Relocation of the Marshallese
In 1946, Navy Commodore Ben Wyatt met with the 167 people living on Bikini Atoll. Wyatt asked the Marshallese to relocate, and for use of their atoll “for the good of mankind.” He explained that they were a chosen people and that perfecting atomic weapons could prevent future wars. The residents were promised they could return one day, but realistically they had no choice in this matter. Immediately following this speech, the U.S military began preparations to relocate the residents to Rongerik Atoll, an uninhabited island with limited resources 125 miles away. Residents of Bikini Atoll resettled in 1969, but then evacuated in 1978, after radiation levels were determined to be excessive.
A month later, the Marshallese filed a complaint with the UN, but this did not prevent U.S. nuclear testing. In 1948, the U.S. government forced residents of Eniwetok Atoll to evacuate due to expanded nuclear testing with Operation Sandstone.
7/1/1946: Testing begins at the Marshall Islands, with Shot Able.
7/25/1946: Shot Baker is conducted, under Operation Crossroads.
4/30/1948: Shot Yoke, under Operation Sandstone, is conducted. This was the first fission weapon to use a levitated core design.
4/20/1951: Shot Easy nuclear test is conducted at Eniwetok Atoll, under Operation Greenhouse. The Easy test was meant to test a new, lighter implosion bomb.
5/1951: Operation Greenhouse testing occurred at Eniwetok Atoll.
11/1/1952: The Mike Shot is conducted at Eniwetok, under Operation Ivy. This was the first U.S. thermonuclear test.
6/28/1958: The Oak test is conducted, at Eniwetok Atoll, under the Operation Hardtack I series. This was the 6th largest U.S. nuclear test. Hardtack I included 35 total tests. Hardtack I was the last testing series conducted on the Marshall Islands.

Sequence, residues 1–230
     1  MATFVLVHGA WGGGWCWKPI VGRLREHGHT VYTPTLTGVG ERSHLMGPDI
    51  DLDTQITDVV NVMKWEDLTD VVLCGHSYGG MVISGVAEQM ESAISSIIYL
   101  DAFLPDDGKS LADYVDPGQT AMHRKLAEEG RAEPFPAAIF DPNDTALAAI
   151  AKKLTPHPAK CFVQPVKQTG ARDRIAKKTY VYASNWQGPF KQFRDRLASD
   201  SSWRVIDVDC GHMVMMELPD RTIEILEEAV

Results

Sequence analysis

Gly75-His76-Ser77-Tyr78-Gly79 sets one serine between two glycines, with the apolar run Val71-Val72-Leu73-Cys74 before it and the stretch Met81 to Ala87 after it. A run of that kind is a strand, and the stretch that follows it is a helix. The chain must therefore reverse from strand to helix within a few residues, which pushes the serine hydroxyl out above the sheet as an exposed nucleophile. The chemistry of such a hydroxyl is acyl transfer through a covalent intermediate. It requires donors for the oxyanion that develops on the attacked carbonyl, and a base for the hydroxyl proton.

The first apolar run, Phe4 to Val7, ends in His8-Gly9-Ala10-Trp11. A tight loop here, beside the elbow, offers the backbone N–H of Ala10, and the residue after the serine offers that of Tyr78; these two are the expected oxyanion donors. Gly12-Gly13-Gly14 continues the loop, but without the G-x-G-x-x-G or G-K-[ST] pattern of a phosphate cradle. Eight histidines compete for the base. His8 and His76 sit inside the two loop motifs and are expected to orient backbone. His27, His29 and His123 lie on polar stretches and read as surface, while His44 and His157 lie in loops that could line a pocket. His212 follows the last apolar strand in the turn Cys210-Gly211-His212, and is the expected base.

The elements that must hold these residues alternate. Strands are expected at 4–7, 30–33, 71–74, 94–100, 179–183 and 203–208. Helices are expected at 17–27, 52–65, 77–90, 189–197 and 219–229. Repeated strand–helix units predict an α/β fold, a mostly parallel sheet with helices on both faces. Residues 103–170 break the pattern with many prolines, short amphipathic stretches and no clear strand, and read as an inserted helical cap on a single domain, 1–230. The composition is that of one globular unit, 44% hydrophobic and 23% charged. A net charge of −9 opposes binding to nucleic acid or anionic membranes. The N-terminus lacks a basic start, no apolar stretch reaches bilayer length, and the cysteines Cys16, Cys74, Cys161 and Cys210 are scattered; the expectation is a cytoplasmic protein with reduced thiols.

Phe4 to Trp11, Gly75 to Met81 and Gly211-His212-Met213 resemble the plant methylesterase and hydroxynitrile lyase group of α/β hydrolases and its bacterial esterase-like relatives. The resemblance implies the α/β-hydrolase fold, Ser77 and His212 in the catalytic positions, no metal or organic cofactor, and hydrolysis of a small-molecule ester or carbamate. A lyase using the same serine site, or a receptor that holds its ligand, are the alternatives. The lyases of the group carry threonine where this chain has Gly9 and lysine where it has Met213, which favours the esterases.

Clean up is still going on today.
Click on images to enlarge.
Military Humor –
Farewell Salutes –
Joseph Bullock – Sarasota, FL; US Air Force / FHP Trooper
Gus Elias – Cannonsburg, PA; US Army Air Corps, WWII, APO, antiaircraft
Paul Farnes – Hampshire, ENG; RAF, WWII, ETO, 501st Squadron & 229th Wing Commander (Ret. 20 y.)
Oscar E. Koskela – Detroit, MI; USMC, PTO, Cpl., HQ Co./29/2 Marine Division, KIA (Saipan)
John McGlohon – Asheboro, NC; US Army Air Corps, WWII, CBI, ATO & PTO, Sgt., aerial photographer (only one to take pictures of the Hiroshima blast)
Harold Rafferty – Louisville, KY; US Army, WWII, PTO
Dan E. Reagan – USA; US Navy, WWII, PTO, USS Oklahoma, fireman 1st Class, KIA (Pearl Harbor)
Frank Wasniewski (100) – Jersey City, NJ; US Army, WWII, PTO, 98th Coast Artillery
Sophie Yazzie (105) – Canyon de Chilly, AZ; US Army Air Corps WAC, (a member of the Navajo Nation)
Posted on February 10, 2020, in Uncategorized, WWII and tagged 1940's, A-Bomb, Bikini Islands, History, Marshall Islands, Military, nuclear, Pacific War, radiation, WW2, WWII. Bookmark the permalink. 129 Comments.